Editor’s Note: The following interview features a GreenBook Future List honoree, Zach Hebert. The GreenBook Future List recognizes leadership, professional growth, personal integrity, passion, and excellence in the next generation of consumer insights and marketing professionals within the first 10 years of their careers.
Introducing Zach Hebert of Insagic
Zach has presented at IIEX Health 2022. Has had his research presented at European Respiratory Society 2021..He also has facilitated linguistics outside academia mixers and events.
Zach’s greatest contributions to the market research industry include: First, he’s been able to mentor already well-trained researchers who are newer to market research. This means that he’s had a hand in some truly brilliant researchers becoming more adept at bringing their abilities and insights to wider, non-academic audience. Second, he personally measures some of his project successes in terms of whether he thinks he’s “converted” clients, which is to say he’s brought them to see the unique value that ethnographic research can bring to their operations.
Outside of insights, what are your passions and interests?
I’ve been rowing for a little over 15 years. Let me be clear: that’s hardly an accomplishment — and that’s one of the things I love about it. It’s a lifelong sport that anyone can be a part of and still make all sorts of new connections, across levels of skill, experience, or competitiveness.
It’s also a great way to get to know where you are from an unusual point of view, both literally, from the water level and often with your back facing the direction you’re going, and more broadly, pieces of a place’s history and trajectory can reveals themselves through how the place lives with water.
If you could go back in time to when you first started your career, what advice would you give to your younger self?
To new-to-The-Industry researchers (and new-to-The-Industry Zach): You (emphasis!) are what makes your company an insights service, rather than only a data vendor. Even if the data or methods actually are unique, your clients usually want contextualized knowledge (aka insights!).
It will sometimes be difficult to remain aware of this through the noise of your company’s goals and day-to-day, sales pitches, and marketing initiatives, but without analysts, your company is just selling data or information. Even if working in flashy, heavily branded data or methodologies, don’t forget that “insights” part of the services being provided is still your expertise – don’t lose sight of that.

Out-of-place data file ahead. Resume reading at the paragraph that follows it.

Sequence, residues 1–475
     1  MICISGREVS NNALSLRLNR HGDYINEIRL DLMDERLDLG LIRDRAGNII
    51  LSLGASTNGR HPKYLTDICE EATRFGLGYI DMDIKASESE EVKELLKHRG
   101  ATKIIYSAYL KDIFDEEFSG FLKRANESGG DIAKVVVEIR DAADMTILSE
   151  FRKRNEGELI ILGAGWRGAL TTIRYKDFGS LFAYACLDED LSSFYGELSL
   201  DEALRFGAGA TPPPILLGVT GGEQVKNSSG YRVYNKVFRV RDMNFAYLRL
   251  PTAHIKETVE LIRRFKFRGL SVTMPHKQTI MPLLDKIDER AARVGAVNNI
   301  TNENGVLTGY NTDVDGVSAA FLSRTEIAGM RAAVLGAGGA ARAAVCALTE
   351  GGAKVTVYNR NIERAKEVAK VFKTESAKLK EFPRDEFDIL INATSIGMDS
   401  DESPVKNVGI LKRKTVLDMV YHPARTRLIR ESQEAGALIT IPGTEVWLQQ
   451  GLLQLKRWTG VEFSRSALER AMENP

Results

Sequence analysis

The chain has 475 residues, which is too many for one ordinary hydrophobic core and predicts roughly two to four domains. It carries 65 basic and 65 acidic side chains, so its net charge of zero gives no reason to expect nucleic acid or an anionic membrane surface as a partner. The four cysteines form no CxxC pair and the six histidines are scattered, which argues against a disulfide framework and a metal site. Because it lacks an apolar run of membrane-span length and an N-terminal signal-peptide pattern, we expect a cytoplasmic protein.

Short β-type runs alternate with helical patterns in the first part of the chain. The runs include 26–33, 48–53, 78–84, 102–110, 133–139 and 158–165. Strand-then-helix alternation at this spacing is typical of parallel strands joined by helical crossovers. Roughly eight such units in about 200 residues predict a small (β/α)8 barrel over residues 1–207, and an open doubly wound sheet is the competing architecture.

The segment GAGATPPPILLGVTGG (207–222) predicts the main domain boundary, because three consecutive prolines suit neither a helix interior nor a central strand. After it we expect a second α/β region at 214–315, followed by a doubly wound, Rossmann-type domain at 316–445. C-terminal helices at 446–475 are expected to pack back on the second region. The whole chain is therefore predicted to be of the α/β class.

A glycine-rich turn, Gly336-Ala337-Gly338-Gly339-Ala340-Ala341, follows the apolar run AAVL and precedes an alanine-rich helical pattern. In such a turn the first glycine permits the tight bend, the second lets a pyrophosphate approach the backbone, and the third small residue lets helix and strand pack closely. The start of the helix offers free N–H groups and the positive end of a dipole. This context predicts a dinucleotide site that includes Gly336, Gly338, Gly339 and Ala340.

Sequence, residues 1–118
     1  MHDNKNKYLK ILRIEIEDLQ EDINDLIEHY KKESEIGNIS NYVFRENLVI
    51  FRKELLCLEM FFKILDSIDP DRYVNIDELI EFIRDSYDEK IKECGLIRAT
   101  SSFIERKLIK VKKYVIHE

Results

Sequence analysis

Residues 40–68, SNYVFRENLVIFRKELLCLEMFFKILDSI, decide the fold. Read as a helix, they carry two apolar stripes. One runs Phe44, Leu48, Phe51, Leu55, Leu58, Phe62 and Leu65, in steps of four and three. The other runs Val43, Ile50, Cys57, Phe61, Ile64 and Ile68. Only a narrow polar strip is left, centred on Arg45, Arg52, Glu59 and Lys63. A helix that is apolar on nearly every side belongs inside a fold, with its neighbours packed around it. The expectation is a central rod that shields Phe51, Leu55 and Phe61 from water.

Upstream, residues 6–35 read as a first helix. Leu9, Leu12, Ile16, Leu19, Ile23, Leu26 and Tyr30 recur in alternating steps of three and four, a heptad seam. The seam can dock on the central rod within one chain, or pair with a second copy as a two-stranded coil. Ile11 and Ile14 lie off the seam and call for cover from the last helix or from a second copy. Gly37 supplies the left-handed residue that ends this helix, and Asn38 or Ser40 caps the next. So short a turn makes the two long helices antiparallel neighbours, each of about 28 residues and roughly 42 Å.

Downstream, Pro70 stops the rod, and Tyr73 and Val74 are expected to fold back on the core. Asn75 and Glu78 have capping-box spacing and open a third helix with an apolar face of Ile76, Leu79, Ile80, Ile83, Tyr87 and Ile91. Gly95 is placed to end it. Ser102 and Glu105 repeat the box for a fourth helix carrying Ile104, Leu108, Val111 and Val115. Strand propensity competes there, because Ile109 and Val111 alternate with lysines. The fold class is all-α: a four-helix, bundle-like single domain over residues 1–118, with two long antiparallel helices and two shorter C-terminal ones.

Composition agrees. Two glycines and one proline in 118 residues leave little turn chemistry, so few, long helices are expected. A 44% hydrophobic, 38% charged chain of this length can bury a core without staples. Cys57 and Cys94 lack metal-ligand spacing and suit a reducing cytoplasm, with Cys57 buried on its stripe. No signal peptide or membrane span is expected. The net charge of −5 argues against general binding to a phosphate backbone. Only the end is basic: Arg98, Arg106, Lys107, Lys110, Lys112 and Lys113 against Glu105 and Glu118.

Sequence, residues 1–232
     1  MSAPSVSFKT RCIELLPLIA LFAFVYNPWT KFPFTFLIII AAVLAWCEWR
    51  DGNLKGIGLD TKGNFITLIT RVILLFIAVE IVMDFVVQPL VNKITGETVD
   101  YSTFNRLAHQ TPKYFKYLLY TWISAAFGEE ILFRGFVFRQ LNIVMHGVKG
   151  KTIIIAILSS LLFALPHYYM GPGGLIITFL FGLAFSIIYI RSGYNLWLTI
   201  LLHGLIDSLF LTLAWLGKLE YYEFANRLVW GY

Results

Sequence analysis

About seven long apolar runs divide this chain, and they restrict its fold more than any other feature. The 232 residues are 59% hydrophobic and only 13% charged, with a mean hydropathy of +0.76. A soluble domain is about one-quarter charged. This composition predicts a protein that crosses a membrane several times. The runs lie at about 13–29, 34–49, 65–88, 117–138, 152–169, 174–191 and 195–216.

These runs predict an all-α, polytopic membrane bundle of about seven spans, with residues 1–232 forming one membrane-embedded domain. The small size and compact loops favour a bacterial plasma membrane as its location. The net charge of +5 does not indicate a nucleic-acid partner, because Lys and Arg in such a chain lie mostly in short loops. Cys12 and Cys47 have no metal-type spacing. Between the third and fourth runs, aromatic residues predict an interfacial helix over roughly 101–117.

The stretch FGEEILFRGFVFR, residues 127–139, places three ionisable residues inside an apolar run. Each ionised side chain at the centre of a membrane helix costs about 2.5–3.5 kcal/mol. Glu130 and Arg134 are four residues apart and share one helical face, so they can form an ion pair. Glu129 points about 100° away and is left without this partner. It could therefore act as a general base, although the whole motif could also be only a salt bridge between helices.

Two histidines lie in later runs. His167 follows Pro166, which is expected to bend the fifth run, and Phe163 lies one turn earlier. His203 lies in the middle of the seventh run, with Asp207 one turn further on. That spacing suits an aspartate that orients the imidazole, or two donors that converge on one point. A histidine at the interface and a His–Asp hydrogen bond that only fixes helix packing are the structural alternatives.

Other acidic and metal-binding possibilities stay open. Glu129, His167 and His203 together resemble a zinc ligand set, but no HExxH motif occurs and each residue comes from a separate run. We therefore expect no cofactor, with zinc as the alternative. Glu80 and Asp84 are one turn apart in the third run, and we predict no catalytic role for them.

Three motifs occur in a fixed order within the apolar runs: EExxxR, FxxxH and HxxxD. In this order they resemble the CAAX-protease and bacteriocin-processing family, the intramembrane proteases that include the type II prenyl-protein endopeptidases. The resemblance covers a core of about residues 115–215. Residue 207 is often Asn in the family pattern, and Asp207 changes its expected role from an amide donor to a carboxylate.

What are three skills you believe to be crucial to succeed in market research and why?
Success in market research requires some facility with method or inquiry. Is that obvious? Sure (I hope.), but it’s what sets us apart from only (emphasis!) “storytelling.” (More on that later.) It’s a big tent, so what this looks like can range widely, depending on what kind of research you’re doing, but everyone from statistician, to ethnographer, works with (for example) hypotheses, induction, and synthesis – regardless whether they call it any of those things. No matter how interpretive or phenomenological your work is, you’re still going to be working systematically and not just feeling your way through the data.
Second, which is a bit of an extension of the first point: ability to recognize, understand, and work with research limitations. It’s not unusual to feel pressure, particularly from clients, to draw conclusions that are inappropriately directional or suggestive of simple causality, or that oversimplify the world you’re trying to investigate. Being a good researcher means interpreting and navigating the limitations, and being a good research partner means being able to foster productive conversation with and around those limitations.
That leads me to number three: being able to communicate with a diverse audience of stakeholders – or, not only, but also storytelling. A more useful way to put it might be that of a guide or host. Rarely will anyone be more familiar with your particular research world than you! Everyone in your research audience has their own unique needs and reasons for being there. Through a research engagement, you’re not only developing their familiarity with and understanding of the world you’re exploring, but you’re also equipping them to continue to develop their own relationship with that world and an ability to continue to make sense of and be inspired by it when you part ways.
If you could change one thing about insights, what would it be?
This is the linguistic anthropologist in me griping: I would love a deconstruction and sophistication of “conversation” research. We’re all rightly fascinated with how individuals, groups, organizations, brands use language or communication for navigating their social worlds, fashion their identities, accomplish tasks (the list goes on).
We’re also all rightly fascinated with what the heck all those behaviors might be able to tell us. But many get tripped up by the word “conversation,” and understandably so. I was recently at a conference where “conversation” research meant social media posts, written survey responses, audio-recorded verbal survey responses, moderated interviews, non-moderated recorded verbal interactions, or just sort of ~vibes~, depending on whose work or capabilities were being presented.
Uh-oh! Those approaches all provide interesting, differentiated points of view, but eliding online behavior, written responses, verbal responses, structured interviews, and naturalistic speech all into “conversation,” “conversations,” or “the conversation” undermines the unique merits of any particular method or type of data.